OXP howto Game Balance

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Oolite is quite a complex game, with a lot of interactions between its various components, and it is easy to make the game substantially harder or easier with an OXP - and especially so with combinations of OXPs - even when this was not your intent. This page gives examples of how Oolite is currently balanced, and how OXPs might interfere with that balance. There's nothing at all wrong with an OXP intended to make Oolite easier or harder - some of the most popular OXPs do exactly that - but it should only do what you meant it to do. OXPs built with consideration of game balance in mind are also more likely to be compatible with other OXPs and less likely to be disrupted by changes to the core game. The advice below assumes that you're wanting to make an OXP which fits in fairly well with the game balance of the original game.

Very few of the over five hundred OXPs released so far are incompatible in the sense of it not being possible to usefully install a pair of them at once. A great many of them, however, can create a situation where one OXP is making it impossible to experience another OXP in the way the second OXP's author intended - often without the knowledge of either OXP author.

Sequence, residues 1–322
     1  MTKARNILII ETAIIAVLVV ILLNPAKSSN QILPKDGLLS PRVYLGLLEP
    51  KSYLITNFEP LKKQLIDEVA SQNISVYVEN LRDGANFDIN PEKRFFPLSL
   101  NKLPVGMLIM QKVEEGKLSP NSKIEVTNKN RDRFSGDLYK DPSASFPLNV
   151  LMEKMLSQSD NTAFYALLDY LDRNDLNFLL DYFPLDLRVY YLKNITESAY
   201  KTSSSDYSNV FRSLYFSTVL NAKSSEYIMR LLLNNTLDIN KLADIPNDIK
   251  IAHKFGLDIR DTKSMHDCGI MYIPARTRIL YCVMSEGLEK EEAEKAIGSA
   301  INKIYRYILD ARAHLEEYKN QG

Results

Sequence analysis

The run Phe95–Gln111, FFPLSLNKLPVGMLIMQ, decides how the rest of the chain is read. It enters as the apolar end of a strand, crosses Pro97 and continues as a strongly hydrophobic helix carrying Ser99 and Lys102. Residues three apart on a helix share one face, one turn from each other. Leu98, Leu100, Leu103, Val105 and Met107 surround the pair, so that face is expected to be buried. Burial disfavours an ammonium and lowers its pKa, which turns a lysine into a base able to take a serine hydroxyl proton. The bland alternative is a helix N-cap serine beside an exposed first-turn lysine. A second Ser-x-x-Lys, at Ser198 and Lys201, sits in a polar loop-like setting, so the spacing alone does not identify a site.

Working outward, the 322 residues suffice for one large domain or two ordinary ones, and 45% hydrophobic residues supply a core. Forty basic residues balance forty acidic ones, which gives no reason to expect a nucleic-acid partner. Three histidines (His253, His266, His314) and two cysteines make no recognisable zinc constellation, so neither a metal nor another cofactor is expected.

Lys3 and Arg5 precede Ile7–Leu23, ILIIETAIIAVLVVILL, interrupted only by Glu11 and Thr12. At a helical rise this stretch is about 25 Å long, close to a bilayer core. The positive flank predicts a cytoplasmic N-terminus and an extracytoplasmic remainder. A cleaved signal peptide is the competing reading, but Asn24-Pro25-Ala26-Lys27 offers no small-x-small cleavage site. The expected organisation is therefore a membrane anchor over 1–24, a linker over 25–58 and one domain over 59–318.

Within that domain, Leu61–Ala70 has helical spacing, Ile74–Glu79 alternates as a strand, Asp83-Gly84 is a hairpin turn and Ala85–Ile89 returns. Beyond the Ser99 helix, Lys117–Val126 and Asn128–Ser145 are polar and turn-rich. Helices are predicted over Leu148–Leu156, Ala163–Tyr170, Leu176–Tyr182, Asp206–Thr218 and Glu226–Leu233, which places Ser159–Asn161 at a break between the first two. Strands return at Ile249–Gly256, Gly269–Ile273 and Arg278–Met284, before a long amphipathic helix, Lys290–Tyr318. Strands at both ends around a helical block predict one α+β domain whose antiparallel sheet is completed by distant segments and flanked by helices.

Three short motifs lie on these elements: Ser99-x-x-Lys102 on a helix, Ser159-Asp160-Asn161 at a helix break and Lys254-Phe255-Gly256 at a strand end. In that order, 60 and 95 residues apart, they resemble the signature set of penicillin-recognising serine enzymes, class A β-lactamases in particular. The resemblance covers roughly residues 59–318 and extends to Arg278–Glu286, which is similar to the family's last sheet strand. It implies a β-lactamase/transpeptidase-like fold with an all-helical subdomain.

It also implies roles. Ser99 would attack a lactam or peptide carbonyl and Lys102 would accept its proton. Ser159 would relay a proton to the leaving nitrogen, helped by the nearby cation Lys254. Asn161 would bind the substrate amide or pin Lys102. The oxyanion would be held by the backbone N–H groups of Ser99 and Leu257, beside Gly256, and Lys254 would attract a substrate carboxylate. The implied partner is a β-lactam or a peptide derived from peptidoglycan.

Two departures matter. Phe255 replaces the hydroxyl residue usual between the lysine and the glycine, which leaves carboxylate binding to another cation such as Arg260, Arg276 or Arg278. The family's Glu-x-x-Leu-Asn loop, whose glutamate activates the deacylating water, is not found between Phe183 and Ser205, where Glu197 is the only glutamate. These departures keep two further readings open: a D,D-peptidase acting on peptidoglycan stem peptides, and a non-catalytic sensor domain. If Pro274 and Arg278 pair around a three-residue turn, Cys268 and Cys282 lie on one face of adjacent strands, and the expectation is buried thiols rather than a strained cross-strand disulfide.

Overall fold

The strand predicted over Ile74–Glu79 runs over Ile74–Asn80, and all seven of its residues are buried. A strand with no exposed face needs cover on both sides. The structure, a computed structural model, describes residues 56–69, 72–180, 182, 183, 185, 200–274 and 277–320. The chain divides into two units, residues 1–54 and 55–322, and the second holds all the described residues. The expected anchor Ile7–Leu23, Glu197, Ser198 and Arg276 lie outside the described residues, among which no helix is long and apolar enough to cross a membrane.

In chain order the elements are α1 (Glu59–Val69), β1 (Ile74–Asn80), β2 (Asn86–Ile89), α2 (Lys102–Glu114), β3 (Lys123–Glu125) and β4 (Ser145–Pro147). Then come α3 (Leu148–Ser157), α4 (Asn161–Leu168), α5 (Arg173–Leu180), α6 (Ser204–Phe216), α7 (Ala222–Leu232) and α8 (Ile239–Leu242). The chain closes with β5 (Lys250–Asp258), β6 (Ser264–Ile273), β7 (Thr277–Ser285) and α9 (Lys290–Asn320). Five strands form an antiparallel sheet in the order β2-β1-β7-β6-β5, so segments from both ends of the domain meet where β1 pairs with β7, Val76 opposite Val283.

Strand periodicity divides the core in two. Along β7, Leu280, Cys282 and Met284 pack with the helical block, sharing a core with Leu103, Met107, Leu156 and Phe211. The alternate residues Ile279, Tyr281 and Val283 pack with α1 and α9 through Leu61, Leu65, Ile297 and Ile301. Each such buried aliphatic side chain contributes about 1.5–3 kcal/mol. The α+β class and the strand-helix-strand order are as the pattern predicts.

Key aspects of gameplay

These areas are key aspects of gameplay which are particularly vulnerable to being unbalanced by changes from OXP.


Oolite is a game about flying from system to system while fighting and trading. The key aspect of gameplay - and the one that makes it worth having two thousand systems rather than fifty or so - is the fixed seven light year jump limit. This puts a significant cap on how quickly the player can cross the chart, makes apparently nearby systems much further apart, and allows for creative and interesting topology. It's fairly easy technically to make an OXP which works around this limit, but use extreme caution in doing so.


Ah, quirium fuel. You can buy it for about 2Cr./LY at any Coriolis station. How much is an LY worth at the witchpoint? 4 Credits? 10 credits? In practice it can be worth hundreds or sometimes even thousands of credits there, and there are some missions - core and OXP - which use the player being low or out of fuel as part of the challenge. The availability of fuel outside of planetary orbit or near the sun must therefore be considered very carefully. Extra fuel can allow a player to make a chain of witchjumps avoiding fighting their way in-system through dangerous bottlenecks like Aronar, or to use their injectors freely after a long jump. This is worth much more than the relatively cheap price it has when bought from somewhere safe.